The Greek word translated as pastor is simply the word for a shepherd. A shepherd is a person who cares for a flock of sheep. He leads them to a place where they can find food and water. He keeps the flock together, so it is safe from attack. At the same time each sheep receives individual attention. Those that stray are brought back to the flock, and any sick sheep is healed. Each one is known by name.

The elder who is a pastor and teacher has two similar functions.

  • Formation of Character
  • Building Relationships

Formation of Character

The first is the formation of Christian character. In this way, every Christian receives individual care. Each one must be helped to grow to full Christian maturity, as measured by the stature of Christ. The elder does this by teaching the Word, feeding the hungry, healing the sick, binding up the broken-hearted, and releasing those who are captives of Satan. At the same time, he must discipline those who wander from the true way. In Titus 2:15, Paul sums this up in three words: teach, encourage, rebuke. This is the work of the pastor and teacher.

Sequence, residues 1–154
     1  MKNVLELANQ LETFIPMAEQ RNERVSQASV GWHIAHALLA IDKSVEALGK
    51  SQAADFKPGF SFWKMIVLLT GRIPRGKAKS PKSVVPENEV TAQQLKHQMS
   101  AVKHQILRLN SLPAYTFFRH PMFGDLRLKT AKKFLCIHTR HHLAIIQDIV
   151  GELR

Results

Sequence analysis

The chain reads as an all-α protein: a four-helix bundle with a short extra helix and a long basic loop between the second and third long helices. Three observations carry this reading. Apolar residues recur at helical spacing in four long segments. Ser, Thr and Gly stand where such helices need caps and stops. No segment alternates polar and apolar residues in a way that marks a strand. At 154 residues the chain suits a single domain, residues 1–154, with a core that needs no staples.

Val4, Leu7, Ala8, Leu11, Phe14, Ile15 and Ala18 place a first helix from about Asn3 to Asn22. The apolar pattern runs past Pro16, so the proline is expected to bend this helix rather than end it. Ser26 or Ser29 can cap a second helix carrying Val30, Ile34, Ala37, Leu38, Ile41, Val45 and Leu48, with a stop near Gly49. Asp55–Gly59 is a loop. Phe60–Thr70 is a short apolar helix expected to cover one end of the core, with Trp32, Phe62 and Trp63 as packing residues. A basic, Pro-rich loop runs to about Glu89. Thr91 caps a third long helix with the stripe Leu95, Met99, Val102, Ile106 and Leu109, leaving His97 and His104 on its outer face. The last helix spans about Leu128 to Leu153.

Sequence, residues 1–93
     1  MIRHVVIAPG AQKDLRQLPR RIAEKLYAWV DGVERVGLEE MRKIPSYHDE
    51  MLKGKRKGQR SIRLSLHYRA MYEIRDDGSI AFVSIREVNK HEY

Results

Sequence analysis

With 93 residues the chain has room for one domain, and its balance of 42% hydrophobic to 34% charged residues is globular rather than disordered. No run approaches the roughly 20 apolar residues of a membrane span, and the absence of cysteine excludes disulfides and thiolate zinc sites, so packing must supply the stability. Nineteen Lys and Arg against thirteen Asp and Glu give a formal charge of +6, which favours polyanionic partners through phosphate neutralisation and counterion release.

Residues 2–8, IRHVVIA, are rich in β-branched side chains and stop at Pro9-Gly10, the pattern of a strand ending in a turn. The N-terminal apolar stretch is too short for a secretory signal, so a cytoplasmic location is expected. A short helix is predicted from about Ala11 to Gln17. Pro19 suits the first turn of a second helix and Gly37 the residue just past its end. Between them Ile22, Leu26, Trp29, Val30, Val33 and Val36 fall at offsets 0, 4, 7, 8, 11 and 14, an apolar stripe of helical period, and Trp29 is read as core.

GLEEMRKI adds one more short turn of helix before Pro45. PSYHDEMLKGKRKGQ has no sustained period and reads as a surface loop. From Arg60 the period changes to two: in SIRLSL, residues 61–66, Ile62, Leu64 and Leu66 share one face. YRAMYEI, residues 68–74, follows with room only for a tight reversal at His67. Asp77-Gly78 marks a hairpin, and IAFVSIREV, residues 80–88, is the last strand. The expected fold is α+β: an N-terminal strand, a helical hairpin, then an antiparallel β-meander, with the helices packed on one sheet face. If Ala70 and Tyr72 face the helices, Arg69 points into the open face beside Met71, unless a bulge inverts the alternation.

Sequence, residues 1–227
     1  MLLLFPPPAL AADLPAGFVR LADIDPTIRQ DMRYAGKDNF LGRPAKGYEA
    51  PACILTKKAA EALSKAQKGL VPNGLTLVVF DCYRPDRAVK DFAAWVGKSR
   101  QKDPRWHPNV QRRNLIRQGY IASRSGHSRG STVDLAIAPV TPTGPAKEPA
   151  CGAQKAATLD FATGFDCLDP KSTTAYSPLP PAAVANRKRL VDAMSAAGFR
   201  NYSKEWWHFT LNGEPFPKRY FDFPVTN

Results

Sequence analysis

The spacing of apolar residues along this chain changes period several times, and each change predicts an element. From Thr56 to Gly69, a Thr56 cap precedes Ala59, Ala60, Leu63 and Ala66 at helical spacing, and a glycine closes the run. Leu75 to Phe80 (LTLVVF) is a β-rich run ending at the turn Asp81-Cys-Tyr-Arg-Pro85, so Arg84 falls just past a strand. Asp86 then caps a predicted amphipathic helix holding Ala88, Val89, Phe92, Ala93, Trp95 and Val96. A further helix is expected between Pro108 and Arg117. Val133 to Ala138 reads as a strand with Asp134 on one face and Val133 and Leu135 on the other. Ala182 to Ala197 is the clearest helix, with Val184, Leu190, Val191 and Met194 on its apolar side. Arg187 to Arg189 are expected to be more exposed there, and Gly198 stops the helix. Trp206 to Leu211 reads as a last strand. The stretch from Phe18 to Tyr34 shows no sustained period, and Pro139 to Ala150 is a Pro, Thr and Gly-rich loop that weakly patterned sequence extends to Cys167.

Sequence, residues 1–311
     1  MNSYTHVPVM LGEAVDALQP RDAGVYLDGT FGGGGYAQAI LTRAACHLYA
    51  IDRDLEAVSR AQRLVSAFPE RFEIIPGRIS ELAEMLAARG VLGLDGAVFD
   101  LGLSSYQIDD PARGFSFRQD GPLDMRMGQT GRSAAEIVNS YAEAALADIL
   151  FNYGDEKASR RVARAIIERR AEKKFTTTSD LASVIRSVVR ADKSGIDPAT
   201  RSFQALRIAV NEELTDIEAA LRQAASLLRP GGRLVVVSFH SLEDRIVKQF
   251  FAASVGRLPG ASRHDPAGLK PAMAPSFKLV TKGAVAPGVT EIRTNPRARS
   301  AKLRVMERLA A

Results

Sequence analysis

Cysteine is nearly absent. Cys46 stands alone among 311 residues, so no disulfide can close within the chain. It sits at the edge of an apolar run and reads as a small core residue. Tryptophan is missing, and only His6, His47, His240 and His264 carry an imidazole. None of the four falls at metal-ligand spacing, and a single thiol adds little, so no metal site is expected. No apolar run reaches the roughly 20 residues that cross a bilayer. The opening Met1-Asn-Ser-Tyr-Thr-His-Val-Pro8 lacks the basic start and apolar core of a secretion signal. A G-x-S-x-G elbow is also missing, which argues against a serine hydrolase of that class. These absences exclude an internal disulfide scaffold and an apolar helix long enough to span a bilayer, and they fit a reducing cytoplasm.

At the same time, elders must be careful not to dominate the lives of those whom they are discipling. It is very easy for young Christians to become too dependent on their elders. Instead, each Christian should be taught to listen to the voice of the Holy Spirit. Then by reading the Bible and following the leading of the Spirit, they will be able to grow on their own (1 John 2:27). The elder will then only need to exercise oversight; giving encouragement and correcting mistakes. The aim is for each Christian to grow to a level of maturity where he can walk in the Spirit, and not be too dependent on an elder.

The pastor and teacher must also release each believer into their ministry. The New Testament teaches that every believer has a ministry, or area of service to God. The elders must help each Christian to discern what their gifts are, and equip them for service in the ministry to which God has called them. The elder will teach and pray and lead by example, so that every member of the church grows to maturity.

Building Relationships

The second function of the elder is to build relationships among church members. Just as the shepherd keeps his flock together, so the elder will work to build up the whole body of believers. A church is a group of believers who have been bound together in a closely-knit unity . It is the responsibility of the elders to take a group of disciples, and build strong relationships between them. In this way, the whole body is joined together, and grows and builds itself up in love.